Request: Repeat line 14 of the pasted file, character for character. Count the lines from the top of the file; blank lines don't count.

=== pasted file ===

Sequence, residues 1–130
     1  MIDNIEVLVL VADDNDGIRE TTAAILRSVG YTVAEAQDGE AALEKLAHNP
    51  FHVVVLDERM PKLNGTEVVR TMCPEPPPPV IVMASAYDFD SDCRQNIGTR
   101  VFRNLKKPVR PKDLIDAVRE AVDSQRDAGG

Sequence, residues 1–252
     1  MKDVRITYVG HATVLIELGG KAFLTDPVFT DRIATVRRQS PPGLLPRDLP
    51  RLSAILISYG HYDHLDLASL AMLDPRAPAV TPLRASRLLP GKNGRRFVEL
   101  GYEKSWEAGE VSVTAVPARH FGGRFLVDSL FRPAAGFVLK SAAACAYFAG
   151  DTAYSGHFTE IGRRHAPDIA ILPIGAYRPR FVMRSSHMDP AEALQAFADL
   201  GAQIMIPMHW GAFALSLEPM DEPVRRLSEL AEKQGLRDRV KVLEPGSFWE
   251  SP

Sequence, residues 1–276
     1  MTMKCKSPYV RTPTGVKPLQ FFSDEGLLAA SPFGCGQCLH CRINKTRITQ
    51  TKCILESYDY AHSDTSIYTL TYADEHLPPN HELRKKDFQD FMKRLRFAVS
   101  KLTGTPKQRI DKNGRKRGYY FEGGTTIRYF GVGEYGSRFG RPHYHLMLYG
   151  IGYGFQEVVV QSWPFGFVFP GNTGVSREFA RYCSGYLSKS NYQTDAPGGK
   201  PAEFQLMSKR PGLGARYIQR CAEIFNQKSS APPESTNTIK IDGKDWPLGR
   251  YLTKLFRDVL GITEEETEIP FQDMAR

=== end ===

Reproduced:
    51  TKCILESYDY AHSDTSIYTL TYADEHLPPN HELRKKDFQD FMKRLRFAVS